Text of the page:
Data Series 202
Noble gases in rocks, minerals, and fluids provide unique insights to the degassing history of the Earth, the chemical heterogeneity of the mantle, and volcanic processes. The utility of noble gases towards the study of these topics is summarized in several books (Alexander and Ozima 1978; Ozima and Podosek 2002; Mamyrin and Tolstikhin 1984; Matsuda 1994) and review articles (Lupton 1983; Farley and Neroda 1998; Ozima 1994; McDougall and Honda 1998; Graham, 2002). Their value for Earth science problems arises from their lack of chemical reactivity, systematic variation in physical characteristics (e.g., solubility, diffusivity) with mass, and production by numerous radioactive decay schemes. The abundances of noble gases within Earth materials are modified only by radioactive decay and physical processes such as melting and vapor-phase transport. Measurable changes in the isotopic compositions of noble gases are closely related to the geochemical processes controlling the distribution of K, U and Th, the major heat-producing nuclides in the Earth.
In an ascending magma the noble gases will partition strongly into the first-formed vapor phase, usually nearly pure CO2. Because noble gas solubilities in silicate liquids decrease significantly with increasing atomic mass, the heavier gases will preferentially be enriched in the vapor phase. The strong partitioning of noble gases into the gas and vapor phase makes them especially useful as early indicators of magma ascent towards the ground surface. However, with the exception of He, the mantle component in geothermal gases is difficult to detect in the presence of admixed atmospheric gases. Therefore, helium isotopes are most often used in the study of magmatic degassing.
The extent to which ocean islands are derived from the deep mantle (mantle plumes), or from chemical heterogeneities embedded within the mantle convective flow has long been debated. Noble gases have unique properties that enable them to provide significant information regarding this debate and make them important geodynamic tracers. Whereas traditional models based on noble gas data hypothesized that MORB represents a broad sampling of the convecting upper mantle, the He-Ne isotope systematics of Ocean Island Basalts (OIBs) provide strong evidence of melting anomalies related to mantle upwelling from a thermal boundary layer in the deep mantle. In recent years alternatives to this model were developed around a different interpretation of mantle He isotope data.
The database (Version 1.0) is a MS-Excel file that contains close to 5,000 entries of published information on noble gas concentrations and isotopic ratios from volcanic systems in Mid-Ocean ridges, ocean islands, seamounts, and oceanic and continental arcs (location map). Where they were available we also included the isotopic ratios of strontium, neodymium, and carbon. The database is sub-divided both into material sampled (e.g., volcanic glass, different minerals, fumarole, spring), and into different tectonic settings (MOR, ocean islands, volcanic arcs). Included is also a reference list in MS-Word and pdf from which the data was derived. The database extends previous compilations by Ozima (1994), Farley and Neroda (1998), and Graham (2002). The extended database allows scientists to test competing hypotheses, and it provides a framework for analysis of noble gas data during periods of volcanic unrest.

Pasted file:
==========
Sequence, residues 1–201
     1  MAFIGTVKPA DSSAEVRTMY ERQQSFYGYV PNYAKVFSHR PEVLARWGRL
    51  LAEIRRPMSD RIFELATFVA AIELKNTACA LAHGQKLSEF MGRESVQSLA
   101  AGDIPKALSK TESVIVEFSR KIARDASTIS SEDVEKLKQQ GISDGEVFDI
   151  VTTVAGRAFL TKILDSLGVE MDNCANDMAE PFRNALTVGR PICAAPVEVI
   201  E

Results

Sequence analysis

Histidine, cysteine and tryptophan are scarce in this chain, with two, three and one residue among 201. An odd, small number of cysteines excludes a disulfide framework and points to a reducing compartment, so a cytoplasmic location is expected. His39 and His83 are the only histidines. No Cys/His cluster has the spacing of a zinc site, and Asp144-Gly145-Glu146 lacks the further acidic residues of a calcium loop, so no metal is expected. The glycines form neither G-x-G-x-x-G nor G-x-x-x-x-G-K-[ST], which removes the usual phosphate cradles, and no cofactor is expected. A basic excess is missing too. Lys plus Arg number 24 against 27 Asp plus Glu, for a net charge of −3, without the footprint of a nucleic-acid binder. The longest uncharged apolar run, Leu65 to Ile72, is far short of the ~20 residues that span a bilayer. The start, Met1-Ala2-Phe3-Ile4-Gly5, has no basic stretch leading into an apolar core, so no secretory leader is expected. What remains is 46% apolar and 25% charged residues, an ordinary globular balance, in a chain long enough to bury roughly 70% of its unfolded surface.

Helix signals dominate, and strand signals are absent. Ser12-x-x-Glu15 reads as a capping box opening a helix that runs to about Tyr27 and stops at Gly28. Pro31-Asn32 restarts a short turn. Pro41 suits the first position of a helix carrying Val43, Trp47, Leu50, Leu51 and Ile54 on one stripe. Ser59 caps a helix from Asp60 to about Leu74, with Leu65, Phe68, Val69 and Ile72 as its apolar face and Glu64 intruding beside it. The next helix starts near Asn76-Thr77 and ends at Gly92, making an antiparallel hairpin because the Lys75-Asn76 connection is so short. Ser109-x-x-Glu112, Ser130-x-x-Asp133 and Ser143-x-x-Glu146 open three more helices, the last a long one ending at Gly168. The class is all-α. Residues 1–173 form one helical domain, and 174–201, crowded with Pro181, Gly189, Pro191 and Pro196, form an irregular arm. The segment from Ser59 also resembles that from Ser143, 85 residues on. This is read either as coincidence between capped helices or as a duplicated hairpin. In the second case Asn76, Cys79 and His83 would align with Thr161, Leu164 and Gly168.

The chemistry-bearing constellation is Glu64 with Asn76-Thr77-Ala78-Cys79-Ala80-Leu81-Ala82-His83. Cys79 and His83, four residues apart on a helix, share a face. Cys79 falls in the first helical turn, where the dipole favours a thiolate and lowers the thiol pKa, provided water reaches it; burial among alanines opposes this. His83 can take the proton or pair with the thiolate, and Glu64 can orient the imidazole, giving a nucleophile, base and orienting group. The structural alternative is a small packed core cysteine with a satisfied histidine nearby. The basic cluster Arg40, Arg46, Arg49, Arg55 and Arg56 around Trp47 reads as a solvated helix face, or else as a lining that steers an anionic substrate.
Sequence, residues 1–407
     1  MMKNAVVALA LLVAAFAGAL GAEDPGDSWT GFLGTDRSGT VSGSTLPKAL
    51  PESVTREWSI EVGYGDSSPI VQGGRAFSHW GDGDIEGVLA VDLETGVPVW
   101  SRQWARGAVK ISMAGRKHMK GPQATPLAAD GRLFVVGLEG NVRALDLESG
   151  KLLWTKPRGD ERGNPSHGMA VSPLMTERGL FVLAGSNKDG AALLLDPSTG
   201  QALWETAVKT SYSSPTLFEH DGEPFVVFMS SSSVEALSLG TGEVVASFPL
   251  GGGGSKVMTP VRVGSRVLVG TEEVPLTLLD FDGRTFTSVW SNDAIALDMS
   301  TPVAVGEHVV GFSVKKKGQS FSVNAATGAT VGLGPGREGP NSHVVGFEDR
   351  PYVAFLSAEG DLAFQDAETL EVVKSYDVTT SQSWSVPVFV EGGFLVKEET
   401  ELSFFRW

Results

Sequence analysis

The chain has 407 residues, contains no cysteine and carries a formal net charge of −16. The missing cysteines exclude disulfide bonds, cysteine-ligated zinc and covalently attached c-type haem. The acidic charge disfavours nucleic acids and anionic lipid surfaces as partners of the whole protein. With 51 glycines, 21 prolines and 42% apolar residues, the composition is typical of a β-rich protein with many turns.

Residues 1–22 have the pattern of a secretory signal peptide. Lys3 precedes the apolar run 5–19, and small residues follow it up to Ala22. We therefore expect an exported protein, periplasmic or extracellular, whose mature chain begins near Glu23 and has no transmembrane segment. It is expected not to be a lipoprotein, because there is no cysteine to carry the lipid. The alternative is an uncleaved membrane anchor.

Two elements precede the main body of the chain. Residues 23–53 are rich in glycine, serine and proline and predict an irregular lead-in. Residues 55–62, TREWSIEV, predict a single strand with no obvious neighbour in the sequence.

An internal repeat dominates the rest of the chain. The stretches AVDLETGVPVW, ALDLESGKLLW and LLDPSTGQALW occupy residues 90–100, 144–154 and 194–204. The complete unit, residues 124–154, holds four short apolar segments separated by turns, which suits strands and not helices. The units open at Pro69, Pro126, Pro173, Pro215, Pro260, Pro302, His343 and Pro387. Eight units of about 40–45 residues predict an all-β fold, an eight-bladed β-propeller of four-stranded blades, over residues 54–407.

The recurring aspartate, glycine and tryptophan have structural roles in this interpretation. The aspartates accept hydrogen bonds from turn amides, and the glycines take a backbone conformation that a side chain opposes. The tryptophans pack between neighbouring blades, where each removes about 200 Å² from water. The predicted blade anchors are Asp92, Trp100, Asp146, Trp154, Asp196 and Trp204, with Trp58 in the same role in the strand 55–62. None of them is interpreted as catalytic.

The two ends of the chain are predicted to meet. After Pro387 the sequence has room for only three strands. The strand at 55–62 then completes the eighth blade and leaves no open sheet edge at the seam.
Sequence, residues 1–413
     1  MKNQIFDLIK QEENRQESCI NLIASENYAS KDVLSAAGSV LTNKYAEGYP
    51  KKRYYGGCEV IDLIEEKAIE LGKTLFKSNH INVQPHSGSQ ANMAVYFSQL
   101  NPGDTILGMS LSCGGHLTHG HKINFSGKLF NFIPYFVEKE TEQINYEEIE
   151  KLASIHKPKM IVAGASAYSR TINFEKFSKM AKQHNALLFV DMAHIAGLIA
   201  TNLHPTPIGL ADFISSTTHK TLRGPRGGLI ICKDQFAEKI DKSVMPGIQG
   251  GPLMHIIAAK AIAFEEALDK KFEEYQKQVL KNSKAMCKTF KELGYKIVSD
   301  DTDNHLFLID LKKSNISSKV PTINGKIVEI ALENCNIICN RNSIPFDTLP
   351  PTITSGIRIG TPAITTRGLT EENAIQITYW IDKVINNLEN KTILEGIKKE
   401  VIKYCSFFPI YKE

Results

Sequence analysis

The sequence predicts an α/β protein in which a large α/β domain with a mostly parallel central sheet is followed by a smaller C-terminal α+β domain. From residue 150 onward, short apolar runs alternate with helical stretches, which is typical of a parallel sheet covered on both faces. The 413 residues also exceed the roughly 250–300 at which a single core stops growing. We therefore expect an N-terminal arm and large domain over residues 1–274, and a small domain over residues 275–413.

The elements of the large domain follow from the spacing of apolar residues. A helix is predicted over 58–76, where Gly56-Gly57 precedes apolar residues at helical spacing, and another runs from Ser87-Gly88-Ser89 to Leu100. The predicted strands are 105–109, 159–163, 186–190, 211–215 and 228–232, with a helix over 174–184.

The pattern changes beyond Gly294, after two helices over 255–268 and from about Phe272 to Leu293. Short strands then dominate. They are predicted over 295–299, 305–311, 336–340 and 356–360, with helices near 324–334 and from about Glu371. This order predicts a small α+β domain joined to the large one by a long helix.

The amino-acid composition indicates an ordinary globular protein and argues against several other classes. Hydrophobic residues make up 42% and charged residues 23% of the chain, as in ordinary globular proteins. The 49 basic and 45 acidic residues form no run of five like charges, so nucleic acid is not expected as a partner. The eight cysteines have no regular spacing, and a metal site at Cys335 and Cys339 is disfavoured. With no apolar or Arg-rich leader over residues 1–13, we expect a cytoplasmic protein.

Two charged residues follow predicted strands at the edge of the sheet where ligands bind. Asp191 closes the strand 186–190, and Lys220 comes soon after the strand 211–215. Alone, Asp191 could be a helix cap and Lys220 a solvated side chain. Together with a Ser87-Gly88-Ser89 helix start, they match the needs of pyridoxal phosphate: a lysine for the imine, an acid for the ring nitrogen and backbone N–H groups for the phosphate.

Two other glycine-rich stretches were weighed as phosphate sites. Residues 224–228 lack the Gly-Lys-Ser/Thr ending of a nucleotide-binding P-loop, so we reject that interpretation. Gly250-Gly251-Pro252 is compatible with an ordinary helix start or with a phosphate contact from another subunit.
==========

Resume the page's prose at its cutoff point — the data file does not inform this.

There are six spreadsheets in the MS-Excel file:
Sample abbreviation in the database
The entries in the in the master spreadsheet appear in the following columns:
Alexander E.C. and Ozima, M., 1978, Terrestrial Rare Gases: Advances in Earth and Planetary Science, v. 3, Center for Academic Publications, Japan , Tokyo.
Farley, K.A., and Neroda, E., 1998, Noble gases in the Earth's mantle: Annual Review of Earth and Planetary Sciences, v. 26, p. 189-218.
Graham, D. W., 2002, Noble gas isotope geochemistry of mid-ocean ridge and ocean island basalts; characterization of mantle source reservoirs. In: Noble Gases in Geochemistry and Cosmochemistry, eds. D. Porcelli, R. Wieler and C. Ballentine. Reviews in Mineralogy and Geochemistry, Mineral. Soc. Amer., Washington , D.C. , pp. 247-318.
Lupton, J.E., 1983, Terrestrial inert gases: isotope tracer studies and clues to primordial components in the mantle: Annual Review of Earth & Planetary Sciences, v. 11, p. 371-414.
Mamyrin, B.A., and Tolstikhin, I.N., 1984, Helium Isotopes in Nature (Developments in Geochemistry 3), Amsterdam & New York (Elsevier Science Publishers).
Matsuda J., 1994, Noble Gas Geochemistry and Cosmochemistry: Terra Scientific Publishing Co, Tokyo.
McDougall I., and Honda M., 1998, Primordial solar noble-gas component in the Earth: consequences for the origin and evolution of the Earth and its atmosphere. In Jackson I (ed) The Earth’s mantle: composition, structure and evolution: Cambridge University Press, Cambridge , p 159-187.
Ozima M., and Podosek F.A., (2002) Noble Gas Geochemistry: Cambridge University Press. Cambridge, UK, 286 pp.
Ozima, M., and Alexander Jr, E.C., 1976, Rare gas fractionation patterns in terrestrial samples and the Earth-atmosphere evolution model: Rev Geophys Space Phys, v. 14, no. 3, p. 385-390.
Plots of the data
The data base is intended to be updated periodically with new information. If relevant data are missing from the database we would appreciate any contribution. Please contact Atosa A. Abedini.
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Last modified: Wednesday, July 28 2006, 09:36:38 AM